This he laid near the princess's bed, and then his little bed carried him back to the old woman's house. Next morning all the princess's servants found the betel-leaf, and began to eat it. Nobody knew the prince had come in the night and put it all there. In the morning the old woman came to the Raja's son.

So he stayed, and they took their dinner out of the bag, and the bowl gave them water. When night came the princess got up and sat on her roof, and at twelve o'clock, when every one was in bed, she went to her bed-room, and was soon fast asleep. Then the Raja's son sat on his bed, and it carried him to the [11] princess. He took his bag and said, "Bag, I want a most lovely shawl. Then he went back to the old woman's house and slept till morning. In the morning, when the princess saw the shawl she was delighted.

Let me stay a few days longer. I will remain hidden in your house, so that no one may see me. When it was black night, the princess put on her lovely clothes and jewels, and sat on her roof. At midnight she went to her room and went to sleep. Then the Raja's son sat on his bed and flew to her bed-room. There he said to his bag, "Bag, I want a very, very beautiful ring. Then he took the Princess Labam's hand gently to put on the ring, and she started up very much frightened. Why do you come to my room? I am a great Raja's son. Hiraman parrot, who lives in the jungle where I went to hunt, told me your name, and then I left my father and mother, and came to see you.

The prince then returned to the old woman's house; and when morning came the princess said to her mother, "The son of a great Raja has come to this country, and I wish to marry him. If he fails I will kill him. I will give him eighty pounds weight of mustard seed, and out of this he must crush the oil in one day. If he cannot do this he shall die. In the morning the Raja's son told the old woman that he intended to marry the princess. A great many Rajas and Rajas' sons have come here to marry her, and her father has had them all killed.

He says whoever wishes to marry his daughter must first do whatever he bids him. If he can, then he shall marry the princess; if he cannot, the king will have him killed. But no one can do the things the king tells him to do; so all the Rajas and Rajas' sons who have tried have been put to death. You will be killed too, if you try. Do go away. The king sent for the prince to the old woman's house, and his servants brought the Raja's son to the king's court-house to the king.

There the king gave him eighty pounds of mustard seed, and told him to crush all the oil out of it that day, and bring it next morning to him to the court-house. If he cannot, then I have him killed. So if you cannot crush all the oil out of this mustard seed, you will die. The prince was very sorry when he heard this. At last he remembered the Ant-Raja, and the moment he did so, the Ant-Raja and his ants came to him. The prince showed him the mustard seed, and said to him, "How can I crush the oil out of all this mustard seed in one day? And if I do not take the oil to the king to-morrow morning, he will kill me.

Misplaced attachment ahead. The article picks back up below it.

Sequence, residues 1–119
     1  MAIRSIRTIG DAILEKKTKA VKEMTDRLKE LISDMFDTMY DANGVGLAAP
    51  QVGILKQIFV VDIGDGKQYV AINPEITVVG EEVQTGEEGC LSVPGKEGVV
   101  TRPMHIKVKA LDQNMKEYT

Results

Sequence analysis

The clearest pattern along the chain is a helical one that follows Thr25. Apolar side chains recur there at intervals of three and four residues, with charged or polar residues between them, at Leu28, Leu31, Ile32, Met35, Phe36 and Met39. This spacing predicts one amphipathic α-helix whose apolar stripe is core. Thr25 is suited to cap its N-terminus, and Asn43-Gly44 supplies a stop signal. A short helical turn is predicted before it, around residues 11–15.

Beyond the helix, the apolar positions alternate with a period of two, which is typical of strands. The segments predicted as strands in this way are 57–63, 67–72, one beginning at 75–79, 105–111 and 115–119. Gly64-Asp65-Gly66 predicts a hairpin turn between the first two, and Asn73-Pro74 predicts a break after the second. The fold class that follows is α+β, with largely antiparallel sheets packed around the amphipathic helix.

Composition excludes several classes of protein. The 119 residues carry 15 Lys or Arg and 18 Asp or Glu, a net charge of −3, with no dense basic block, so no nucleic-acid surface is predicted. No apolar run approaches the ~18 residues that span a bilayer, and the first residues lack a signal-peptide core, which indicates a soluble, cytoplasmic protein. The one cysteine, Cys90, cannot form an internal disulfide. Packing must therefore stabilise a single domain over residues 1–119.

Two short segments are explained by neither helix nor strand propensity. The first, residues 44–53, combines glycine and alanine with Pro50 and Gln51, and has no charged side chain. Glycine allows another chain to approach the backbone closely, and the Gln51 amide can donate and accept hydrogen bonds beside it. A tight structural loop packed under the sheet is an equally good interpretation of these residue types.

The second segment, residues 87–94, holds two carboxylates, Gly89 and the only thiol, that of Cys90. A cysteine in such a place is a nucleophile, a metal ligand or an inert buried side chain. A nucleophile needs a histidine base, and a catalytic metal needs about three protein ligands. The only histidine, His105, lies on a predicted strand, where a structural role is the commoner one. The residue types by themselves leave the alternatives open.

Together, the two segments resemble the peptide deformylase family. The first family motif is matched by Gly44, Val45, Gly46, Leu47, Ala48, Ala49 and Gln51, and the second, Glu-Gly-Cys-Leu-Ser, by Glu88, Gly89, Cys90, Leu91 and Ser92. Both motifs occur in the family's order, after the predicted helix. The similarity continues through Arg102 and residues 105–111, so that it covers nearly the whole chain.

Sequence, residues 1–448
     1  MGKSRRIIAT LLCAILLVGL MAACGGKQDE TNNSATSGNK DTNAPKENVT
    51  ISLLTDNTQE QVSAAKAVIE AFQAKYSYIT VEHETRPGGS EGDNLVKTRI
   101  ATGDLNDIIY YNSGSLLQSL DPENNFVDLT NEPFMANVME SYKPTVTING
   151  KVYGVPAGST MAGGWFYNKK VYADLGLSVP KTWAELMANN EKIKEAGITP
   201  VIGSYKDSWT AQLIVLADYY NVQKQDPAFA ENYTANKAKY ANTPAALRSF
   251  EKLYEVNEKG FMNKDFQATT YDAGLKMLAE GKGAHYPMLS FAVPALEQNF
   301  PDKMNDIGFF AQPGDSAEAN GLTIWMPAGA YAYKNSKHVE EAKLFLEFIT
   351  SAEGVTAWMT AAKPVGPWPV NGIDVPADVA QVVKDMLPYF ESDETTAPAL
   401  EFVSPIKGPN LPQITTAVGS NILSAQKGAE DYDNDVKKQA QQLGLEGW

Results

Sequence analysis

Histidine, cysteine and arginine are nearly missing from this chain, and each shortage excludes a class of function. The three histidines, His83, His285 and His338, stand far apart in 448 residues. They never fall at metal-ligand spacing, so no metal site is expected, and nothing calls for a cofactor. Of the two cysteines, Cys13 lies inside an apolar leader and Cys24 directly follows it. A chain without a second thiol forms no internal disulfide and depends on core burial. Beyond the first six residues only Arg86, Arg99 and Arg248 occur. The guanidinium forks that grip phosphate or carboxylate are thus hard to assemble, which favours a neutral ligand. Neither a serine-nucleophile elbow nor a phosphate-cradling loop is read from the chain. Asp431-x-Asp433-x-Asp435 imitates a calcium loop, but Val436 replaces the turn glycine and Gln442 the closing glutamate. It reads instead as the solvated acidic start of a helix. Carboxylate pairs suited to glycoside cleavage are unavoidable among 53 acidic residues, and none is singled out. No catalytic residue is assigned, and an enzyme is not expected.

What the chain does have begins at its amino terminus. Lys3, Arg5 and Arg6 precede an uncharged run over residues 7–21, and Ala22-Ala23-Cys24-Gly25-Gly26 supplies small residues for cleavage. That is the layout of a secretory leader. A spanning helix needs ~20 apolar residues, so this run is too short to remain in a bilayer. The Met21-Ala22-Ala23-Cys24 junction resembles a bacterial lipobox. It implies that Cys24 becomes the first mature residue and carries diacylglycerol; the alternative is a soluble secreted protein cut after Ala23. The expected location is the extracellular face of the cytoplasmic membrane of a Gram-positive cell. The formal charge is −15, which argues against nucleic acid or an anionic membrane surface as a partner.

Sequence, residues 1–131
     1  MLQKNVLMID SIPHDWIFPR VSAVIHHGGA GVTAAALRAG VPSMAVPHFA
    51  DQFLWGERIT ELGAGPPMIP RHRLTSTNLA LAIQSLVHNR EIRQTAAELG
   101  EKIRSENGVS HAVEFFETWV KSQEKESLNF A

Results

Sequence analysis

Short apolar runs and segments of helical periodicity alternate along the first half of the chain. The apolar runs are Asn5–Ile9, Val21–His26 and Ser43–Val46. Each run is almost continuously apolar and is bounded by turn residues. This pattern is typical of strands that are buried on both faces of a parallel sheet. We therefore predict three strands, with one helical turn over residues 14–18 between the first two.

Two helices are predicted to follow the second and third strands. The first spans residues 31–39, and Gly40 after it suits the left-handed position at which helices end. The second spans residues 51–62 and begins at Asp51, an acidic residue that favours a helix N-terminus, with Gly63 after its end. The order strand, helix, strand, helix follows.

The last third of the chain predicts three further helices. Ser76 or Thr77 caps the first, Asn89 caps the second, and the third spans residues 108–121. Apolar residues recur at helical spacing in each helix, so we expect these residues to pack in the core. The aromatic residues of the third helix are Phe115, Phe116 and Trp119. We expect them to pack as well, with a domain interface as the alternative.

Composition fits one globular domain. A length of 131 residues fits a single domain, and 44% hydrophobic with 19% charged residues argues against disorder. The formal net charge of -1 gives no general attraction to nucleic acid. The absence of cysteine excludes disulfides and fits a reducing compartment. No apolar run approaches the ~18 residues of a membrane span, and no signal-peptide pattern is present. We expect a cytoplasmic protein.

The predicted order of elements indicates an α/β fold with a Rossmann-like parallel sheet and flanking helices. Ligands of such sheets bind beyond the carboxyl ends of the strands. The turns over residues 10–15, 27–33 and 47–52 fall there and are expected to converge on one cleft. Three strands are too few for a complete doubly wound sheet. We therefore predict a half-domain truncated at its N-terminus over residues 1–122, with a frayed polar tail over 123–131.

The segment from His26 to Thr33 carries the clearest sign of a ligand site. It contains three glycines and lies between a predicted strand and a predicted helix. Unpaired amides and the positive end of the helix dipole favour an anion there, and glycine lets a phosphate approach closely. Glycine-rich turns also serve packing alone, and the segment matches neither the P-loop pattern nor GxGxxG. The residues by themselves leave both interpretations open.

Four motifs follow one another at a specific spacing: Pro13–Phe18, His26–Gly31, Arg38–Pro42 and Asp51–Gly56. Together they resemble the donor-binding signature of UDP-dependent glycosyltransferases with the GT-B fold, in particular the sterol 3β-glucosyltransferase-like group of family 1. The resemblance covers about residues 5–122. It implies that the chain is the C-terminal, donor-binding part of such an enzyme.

The prince was very glad when he saw the oil. The next morning he took it to the court-house to the king. But the king said, "You cannot yet marry my daughter.

Indian Fairy Tales

If you wish to do so, you must first fight with my two demons and kill them. He was afraid to let them loose for fear they would eat up all the people in his country; and he did not know how to kill them. So all the kings and kings' sons who wanted to marry the Princess Labam had to fight with these demons; [14] "for," said the king to himself, "perhaps the demons may be killed, and then I shall be rid of them.

When he heard of the demons the Raja's son was very sad. How can I do this? I and my wife will fight with them for you. Then the Raja's son took out of his bag two splendid coats. They were all gold and silver, and covered with pearls and diamonds. These he put on the tigers to make them beautiful, and he took them to the king, and said to him, "May these tigers fight your demons for me?

Up in the sky I have a kettle-drum. You must go and beat it. If you cannot do this, I will kill you. The Raja's son thought of his little bed; so he went to the old woman's house and sat on his bed. I want to go to it. Still, when he came down, the king would not give him his daughter. Then the king showed him the trunk of a tree that was lying near his court-house. It was a very, very thick trunk. He gave the prince a wax hatchet, and said, "To-morrow morning you must cut this trunk in two with this wax hatchet.

The Raja's son went back to the old woman's house. He was very sad, and thought that now the Raja would certainly kill him. My bed helped me to beat his kettle-drum. But now what can I do? How can I cut that thick tree-trunk in two with a wax hatchet? At night he went on his bed to see the princess. How can I ever do that? Then she pulled out a hair from her head, and gave it to the prince. The prince next day did exactly as the princess had told him; and the minute the hair that was stretched down the edge of the hatchet-blade touched the tree-trunk it split into two pieces.

The king said, "Now you can marry my daughter. All the Rajas and kings of the countries round were asked to come to it, and there were great rejoicings. After a few days the prince's son said to his wife, "Let us go to my father's country. The prince always kept his bag, bowl, bed, and stick; only, as no one ever came to make war on him, he never needed to use the stick.